David L. Craddock writes fiction, nonfiction, and grocery lists. He is the author of the Stay Awhile and Listen series, and the Gairden Chronicles series of fantasy novels for young adults. Outside of writing, he enjoys playing Mario, Zelda, and Dark Souls games, and will be happy to discuss at length the myriad reasons why Dark Souls 2 is the best in the series. Follow him online at and @davidlcraddock.

From The Chatty
  • reply
    June 5, 2017 3:45 PM

    David Craddock posted a new article, PlayStation VR Surpasses 1 Million Units Sold

    • reply
      June 5, 2017 4:46 PM

      I've been itching to get one of these things but the point in the article "PS4 turns four years old this November" makes me worried this would not be a good purchase this late. I want to join in on the hilarity of Star Trek Bridge crew.

      • reply
        June 5, 2017 5:18 PM

        What? Isn't the average console life cycle 7 years?

        • reply
          June 5, 2017 5:21 PM

          I mean we got PS4 Pros and the Scorpio for a reason, the whole point is to extend this cycle.

          • reply
            June 5, 2017 6:30 PM

            Sorry I haven't been following gaming news as much lately. I thought it was about every 5 years for the next console.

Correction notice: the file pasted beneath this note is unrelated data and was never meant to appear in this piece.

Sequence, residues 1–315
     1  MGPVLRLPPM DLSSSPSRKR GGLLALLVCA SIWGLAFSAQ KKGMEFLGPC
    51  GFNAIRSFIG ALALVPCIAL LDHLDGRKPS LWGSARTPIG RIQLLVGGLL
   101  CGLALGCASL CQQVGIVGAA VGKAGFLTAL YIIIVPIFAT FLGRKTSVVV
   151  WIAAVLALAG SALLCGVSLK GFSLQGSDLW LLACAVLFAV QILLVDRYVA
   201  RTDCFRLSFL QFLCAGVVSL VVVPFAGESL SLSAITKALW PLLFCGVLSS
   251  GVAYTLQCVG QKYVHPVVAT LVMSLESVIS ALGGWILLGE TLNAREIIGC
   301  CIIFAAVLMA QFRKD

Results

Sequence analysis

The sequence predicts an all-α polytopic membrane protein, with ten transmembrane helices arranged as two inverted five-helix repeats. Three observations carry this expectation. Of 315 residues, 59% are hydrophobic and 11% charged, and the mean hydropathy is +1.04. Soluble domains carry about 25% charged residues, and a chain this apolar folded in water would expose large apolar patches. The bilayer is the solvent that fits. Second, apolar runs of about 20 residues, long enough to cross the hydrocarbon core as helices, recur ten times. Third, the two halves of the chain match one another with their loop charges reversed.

Debating between psvr, occulus or htc vive.

            PSVR is intriguing because my living room is too bright to play anything in the day. And cheaper.

            • reply
              June 6, 2017 6:23 AM

              Wasn't the last generation like 7 or 8 years?

              • reply
                June 6, 2017 6:49 AM

                That was an anomaly, although I expect it to happen again. From the SNES era through the Xbox/PS2/GameCube era, consoles lasted approximately five years. Technology was changing fast enough to justify moving on to new hardware. Last gen lasted eight years (Xbox 360 debuted in November 2005, a year ahead of PS3 and Wii, and lasted until November 2012) in large part because development was so expensive and the install base so large that to move on earlier than that would have meant losing money.

                I expect this gen will last 7-8 years. Moreover, I think its duration will depend largely on PS4 Pro and Scorpio. PS4 Pro was by and large a nominal jump over the PS4. If Scorpio is as powerful as Microsoft claims, and if it performs well enough to eat into Sony's (admittedly huge) lead at market, Sony might feel tempted to kick off a new generation with the PS5 sooner rather than later.

                Meanwhile Nintendo's selling Switches left and right and doesn't give a fuck about any of that. lol.

    • reply
      June 5, 2017 5:03 PM

      Nice! The install base is getting there!

      • reply
        June 5, 2017 5:04 PM

        More peeps attracting more titles attracting more peeps and before you know it, VR is BIG!

    • reply
      June 6, 2017 6:22 AM

      They would sell more if they invested in more games. Farpoint doesn't look like a system seller to me unfortunately and they hardly marketed it.

Hello, Meet Lola